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<blockquote><font class="small">In reply to:</font><hr /><p>No doubt, it does take years to be able to point and name, but where would someone like me (at least) make a start.<br /><br />I hear that you can sometimes spot Mars and Venus (simply appearing as stars). I believe I've worked out the three stars of Orions Belt?<br /><br />Anyone got a good starting point to at least knowing how to be able to look up and name a few - so as to build from there? <p><hr /></p></p></blockquote><br /><br />Okeedoke!<br /><br />You're in Britain, so that's good, because I have no advice whatsoever about the Southern Hemisphere sky. <img src="/images/icons/tongue.gif" /> (Someday I do intend to see the southern sky, however!)<br /><br />As we come into the winter months, Orion (the Hunter) becomes very visible. The three stars of Orion's belt are Alnitak, Alnilam, and Mintaka. Below them you if you look close (even with some light pollution) you should be able to make out a faint smudge. Avert your eyes slightly to cause the light to fall outside the fovea of your eye and it will be easier to see -- your fovea has very good acuity, but concentrates mostly on color-sensitive cells. The more light-sensitive cells are concentrated outside of the fovea. This is a popular stargazer's trick. <img src="/images/icons/wink.gif" /> Anyway, that faint smudge is the Great Nebula of Orion. It's the easiest nebula to see in the northern sky.<br /><br />You should also be able to find Orion's feet (or the bottom corners of his kilt/robe, depending on how you imagine him) and shoulders. The two on the bottom are Rigel and Saiph. The two on the top are Betelgeuse and Bellatrix. Rigel is one of the brightest stars (in terms of absolute magnitude; it's far away, so it isn't the brightest star in the night sky), and Betelgeuse is the largest star known (in terms of diameter). Betelgeuse is a super red giant, and you will be able to tell with the naked eye that it is slightly reddish in color. Because of this, it <div class="Discussion_UserSignature"> <p> </p><p><font color="#666699"><em>"People assume that time is a strict progression of cause to effect, but actually from a non-linear, non-subjective viewpoint it's more like a big ball of wibbly wobbly . . . timey wimey . . . stuff."</em>  -- The Tenth Doctor, "Blink"</font></p> </div>
 
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silylene old

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It's really hard to learn the stars and constellations if you live in a big city with lots of light pollution. If you can only see perhaps the 20 brightest stars and a couple of planets, then it is near impossible to develop a mind picture of the constellations, or which star is which.<br /><br />Due to the huge amount of urban development near my house in Massachusetts, one can no longer see the Ursa Minor (little dipper) or the north star. Due to the bright spotlights pointing skyward to light up the Duncan Donuts, the Burger King, the McDonalds, the KMart, the WalMart and a Regal 16 theater megacomplex just a km away, I now can locate the great square of Pegasus with great difficulty (forget trying to trace the tail to the location of the Andromeda galaxy).<br /><br />My sons will never understand why I am fascinated with astronomy. I can understand why though, when I look up at the night sky and see........nothing anymore. <div class="Discussion_UserSignature"> <div class="Discussion_UserSignature" align="center"><em><font color="#0000ff">- - - - - - - - - - - - - - - - - - - - - -</font></em> </div><div class="Discussion_UserSignature" align="center"><font color="#0000ff"><em>I really, really, really miss the "first unread post" function.</em></font> </div> </div>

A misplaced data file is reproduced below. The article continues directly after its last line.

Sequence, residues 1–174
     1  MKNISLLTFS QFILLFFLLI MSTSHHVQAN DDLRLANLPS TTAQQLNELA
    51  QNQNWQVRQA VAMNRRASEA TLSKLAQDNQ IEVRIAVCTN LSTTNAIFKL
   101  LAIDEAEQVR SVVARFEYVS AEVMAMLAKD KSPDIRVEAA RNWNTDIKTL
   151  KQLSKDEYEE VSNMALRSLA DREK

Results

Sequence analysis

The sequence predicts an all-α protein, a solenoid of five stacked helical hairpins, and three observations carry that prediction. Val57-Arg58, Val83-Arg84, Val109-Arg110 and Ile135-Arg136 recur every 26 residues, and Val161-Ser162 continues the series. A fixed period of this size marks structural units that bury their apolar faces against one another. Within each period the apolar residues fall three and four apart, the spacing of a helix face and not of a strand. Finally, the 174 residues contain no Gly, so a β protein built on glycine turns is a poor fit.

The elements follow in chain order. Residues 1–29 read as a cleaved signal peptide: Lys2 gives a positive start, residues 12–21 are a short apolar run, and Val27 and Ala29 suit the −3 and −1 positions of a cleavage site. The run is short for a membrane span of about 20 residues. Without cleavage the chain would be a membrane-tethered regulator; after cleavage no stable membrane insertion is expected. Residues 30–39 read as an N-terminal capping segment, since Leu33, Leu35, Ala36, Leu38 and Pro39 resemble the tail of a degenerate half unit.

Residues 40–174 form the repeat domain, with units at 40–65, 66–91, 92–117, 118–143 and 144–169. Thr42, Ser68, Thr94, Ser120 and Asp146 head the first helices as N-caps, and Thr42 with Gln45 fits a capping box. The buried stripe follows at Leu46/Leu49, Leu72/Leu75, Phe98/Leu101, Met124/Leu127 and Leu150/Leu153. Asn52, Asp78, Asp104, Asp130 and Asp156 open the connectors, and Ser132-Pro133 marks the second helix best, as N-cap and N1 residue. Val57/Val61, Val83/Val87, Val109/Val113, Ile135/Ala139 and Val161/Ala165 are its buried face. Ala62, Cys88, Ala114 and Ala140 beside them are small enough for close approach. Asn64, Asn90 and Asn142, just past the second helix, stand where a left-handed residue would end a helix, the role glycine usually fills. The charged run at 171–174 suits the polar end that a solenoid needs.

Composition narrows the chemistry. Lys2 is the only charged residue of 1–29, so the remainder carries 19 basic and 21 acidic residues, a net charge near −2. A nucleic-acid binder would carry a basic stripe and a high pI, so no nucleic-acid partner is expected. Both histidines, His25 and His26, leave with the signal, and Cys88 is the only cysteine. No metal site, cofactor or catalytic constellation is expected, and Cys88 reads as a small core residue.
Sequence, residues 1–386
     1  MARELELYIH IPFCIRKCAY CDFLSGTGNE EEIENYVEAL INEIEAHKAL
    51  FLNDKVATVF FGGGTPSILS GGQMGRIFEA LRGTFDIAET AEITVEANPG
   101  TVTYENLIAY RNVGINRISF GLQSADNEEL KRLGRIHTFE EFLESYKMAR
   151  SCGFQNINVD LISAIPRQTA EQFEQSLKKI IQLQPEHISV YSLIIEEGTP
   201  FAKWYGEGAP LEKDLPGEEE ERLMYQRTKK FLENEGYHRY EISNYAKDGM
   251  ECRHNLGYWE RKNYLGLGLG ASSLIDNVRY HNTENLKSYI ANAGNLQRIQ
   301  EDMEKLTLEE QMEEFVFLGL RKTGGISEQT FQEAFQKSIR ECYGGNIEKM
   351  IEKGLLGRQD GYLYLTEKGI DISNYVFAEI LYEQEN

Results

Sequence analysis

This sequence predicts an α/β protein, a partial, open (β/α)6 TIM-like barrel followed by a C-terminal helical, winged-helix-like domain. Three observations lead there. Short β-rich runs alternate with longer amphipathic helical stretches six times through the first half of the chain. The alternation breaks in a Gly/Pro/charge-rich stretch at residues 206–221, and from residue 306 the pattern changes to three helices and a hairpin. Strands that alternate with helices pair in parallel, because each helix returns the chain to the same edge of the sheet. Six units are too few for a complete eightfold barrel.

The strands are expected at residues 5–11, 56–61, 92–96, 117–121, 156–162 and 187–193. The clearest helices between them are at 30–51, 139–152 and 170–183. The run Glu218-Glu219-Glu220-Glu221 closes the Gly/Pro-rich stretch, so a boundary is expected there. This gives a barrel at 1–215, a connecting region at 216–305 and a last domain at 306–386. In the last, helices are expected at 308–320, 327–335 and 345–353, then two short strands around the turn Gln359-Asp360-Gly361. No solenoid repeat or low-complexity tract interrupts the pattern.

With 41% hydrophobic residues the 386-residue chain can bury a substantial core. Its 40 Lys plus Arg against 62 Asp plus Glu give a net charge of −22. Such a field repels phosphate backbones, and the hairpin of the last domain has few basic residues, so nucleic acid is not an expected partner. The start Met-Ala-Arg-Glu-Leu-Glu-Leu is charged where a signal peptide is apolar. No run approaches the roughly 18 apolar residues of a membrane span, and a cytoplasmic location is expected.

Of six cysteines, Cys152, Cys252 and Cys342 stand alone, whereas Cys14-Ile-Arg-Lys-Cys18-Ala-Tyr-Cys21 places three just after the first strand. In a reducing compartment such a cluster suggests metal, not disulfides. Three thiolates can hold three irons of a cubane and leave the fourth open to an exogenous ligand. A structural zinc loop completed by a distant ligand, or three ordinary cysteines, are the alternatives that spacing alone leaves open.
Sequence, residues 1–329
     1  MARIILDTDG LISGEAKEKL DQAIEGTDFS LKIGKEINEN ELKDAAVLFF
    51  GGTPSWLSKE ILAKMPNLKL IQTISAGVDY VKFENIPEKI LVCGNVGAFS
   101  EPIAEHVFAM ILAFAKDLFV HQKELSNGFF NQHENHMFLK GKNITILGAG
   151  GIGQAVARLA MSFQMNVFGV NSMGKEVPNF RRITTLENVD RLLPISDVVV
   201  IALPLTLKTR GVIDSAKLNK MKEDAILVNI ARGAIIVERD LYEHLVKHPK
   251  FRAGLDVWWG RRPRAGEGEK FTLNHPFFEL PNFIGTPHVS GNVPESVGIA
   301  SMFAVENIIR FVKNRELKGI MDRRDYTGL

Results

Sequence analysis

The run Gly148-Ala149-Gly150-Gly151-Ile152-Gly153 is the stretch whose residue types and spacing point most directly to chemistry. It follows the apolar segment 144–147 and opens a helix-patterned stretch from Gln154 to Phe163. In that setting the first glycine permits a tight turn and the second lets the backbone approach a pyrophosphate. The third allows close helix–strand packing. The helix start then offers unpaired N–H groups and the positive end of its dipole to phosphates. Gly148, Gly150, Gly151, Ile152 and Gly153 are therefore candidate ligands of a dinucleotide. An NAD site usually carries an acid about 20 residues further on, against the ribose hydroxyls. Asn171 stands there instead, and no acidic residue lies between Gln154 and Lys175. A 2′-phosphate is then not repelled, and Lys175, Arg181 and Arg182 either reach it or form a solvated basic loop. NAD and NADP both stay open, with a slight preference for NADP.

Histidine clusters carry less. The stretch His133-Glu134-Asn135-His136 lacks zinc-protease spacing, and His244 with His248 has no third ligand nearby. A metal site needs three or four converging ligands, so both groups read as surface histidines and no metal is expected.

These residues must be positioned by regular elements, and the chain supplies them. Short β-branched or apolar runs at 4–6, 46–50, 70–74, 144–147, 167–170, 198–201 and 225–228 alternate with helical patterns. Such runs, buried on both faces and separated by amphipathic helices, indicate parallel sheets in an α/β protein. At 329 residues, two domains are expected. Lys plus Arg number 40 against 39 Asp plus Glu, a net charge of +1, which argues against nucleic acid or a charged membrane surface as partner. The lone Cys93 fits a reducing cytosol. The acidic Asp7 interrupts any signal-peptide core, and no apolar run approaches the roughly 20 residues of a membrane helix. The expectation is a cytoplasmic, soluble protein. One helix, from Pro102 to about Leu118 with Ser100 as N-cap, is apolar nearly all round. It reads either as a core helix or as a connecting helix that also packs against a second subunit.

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glutomoto

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for online info.<br /><br />http://www.heavens-above.com/<br /><br />http://skyandtelescope.com/observing/ataglance/article_110_1.asp<br /><br />http://skyandtelescope.com/howto/visualobserving/default.asp<br /><br /><br />and although you said something about not being too interested to "pick up that book", I will still recommend "Turn Left at Orion", and so would a few others.<br /><br />http://www.badastronomy.com/phpBB/viewtopic.php?p=204746&highlight=astronomy+guide#204746<br /><br /><br />have fun. <div class="Discussion_UserSignature"> </div>
 
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nevers

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What ever you do, DON'T buy a telescope from like Wal-Mart...!!!!!! Nothing against Wal-Mart type stores of course, but you'll be disappointed in the image you get out of one. Most of these 'scopes are plastic and of inferior quality.<br /><br />I know that wasn't the original question but...just in case.
 
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silversoul

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Your quest for learning about the stars is a noble one, the most simple of questions can provide the most profound answers. We can only learn by asking and that does not make us pathetic, it makes us strong. Keep going in you journey thorugh the night sky, it will fascinate and amaze you at every turn.<br />Silversoul